Volume 2 Supplement 1

International Society on Brain and Behaviour: 1st International Congress on Brain and Behaviour

Open Access

Cognitive impairment in Parkinson's disease: limbic dementia?

  • E Kovari1
Annals of General Hospital Psychiatry20032(Suppl 1):S21

https://doi.org/10.1186/1475-2832-2-S1-S21

Received: 1 November 2003

Published: 23 December 2003

Objective

To examine the neuroanatomical background of cognitive decline in long-lasting Parkinson's disease (PD).

Background

Previous studies reported an association between cortical Lewy body (LB) formation and dementia in PD. However, it is unclear whether cognitive decline in this disorder is related to specific patterns of LB distribution within the cerebral cortex. Moreover, the prediction of cognitive status based on concomitant assessment of LB and Alzheimer disease lesions has led to conflicting results.

Design

Clinicopathologic study in 22 elderly cases with PD patients in whom parkinsonism preceded cognitive decline by at least 3 years. Cognitive status assessed prospectively using the Clinical Dementia Rating scale (CDR); quantitative assessment of LB, neurofibrillary tangles (NFT), and senile plaques (SP) was performed in Brodmann areas 9, 21, 24, 41 and the entorhinal cortex. Statistical analysis was performed using both correlation coefficients and logistic regression models.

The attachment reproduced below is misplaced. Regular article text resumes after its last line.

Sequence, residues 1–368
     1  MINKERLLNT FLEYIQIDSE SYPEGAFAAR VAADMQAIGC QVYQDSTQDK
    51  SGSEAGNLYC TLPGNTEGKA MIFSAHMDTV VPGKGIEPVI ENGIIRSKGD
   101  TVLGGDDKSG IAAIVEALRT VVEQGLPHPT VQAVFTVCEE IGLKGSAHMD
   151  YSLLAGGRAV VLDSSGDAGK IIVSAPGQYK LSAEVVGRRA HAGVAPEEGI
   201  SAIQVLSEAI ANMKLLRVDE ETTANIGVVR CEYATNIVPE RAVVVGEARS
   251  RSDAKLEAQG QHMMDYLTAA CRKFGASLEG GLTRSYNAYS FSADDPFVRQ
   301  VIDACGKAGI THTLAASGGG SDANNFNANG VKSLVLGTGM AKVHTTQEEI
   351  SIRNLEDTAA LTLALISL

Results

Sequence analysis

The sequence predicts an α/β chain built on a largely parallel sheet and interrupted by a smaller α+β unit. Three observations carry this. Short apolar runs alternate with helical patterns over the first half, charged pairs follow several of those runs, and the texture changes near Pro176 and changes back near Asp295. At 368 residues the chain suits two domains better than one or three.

Results

There was a highly significant correlation between CDR scores and regional LB scores in the entorhinal and area 24. LB and SP densities in the entorhinal cortex accounted for 36.2% and 19.3% of the variability in CDR scores. LB densities in area 24 could explain 25.2% of this variability. NFT densities did not predict cognitive status. In multivariate models only LB densities in the entorhinal cortex and anterior cingulate cortex were significantly associated with CDR scores and explained 36.8% and 25.7% of its variability.

Conclusions

These results imply that an assessment of LB pathology limited to the entorhinal cortex and area 24 may be sufficient to predict cognition in PD. They also suggest that LB formation in limbic areas may be crucial for the development of PD dementia.

Authors’ Affiliations

(1)
Department of Psychiatry, Division of Neuropsychiatry, University Hospital of Geneva

Copyright

© The Author(s) 2003

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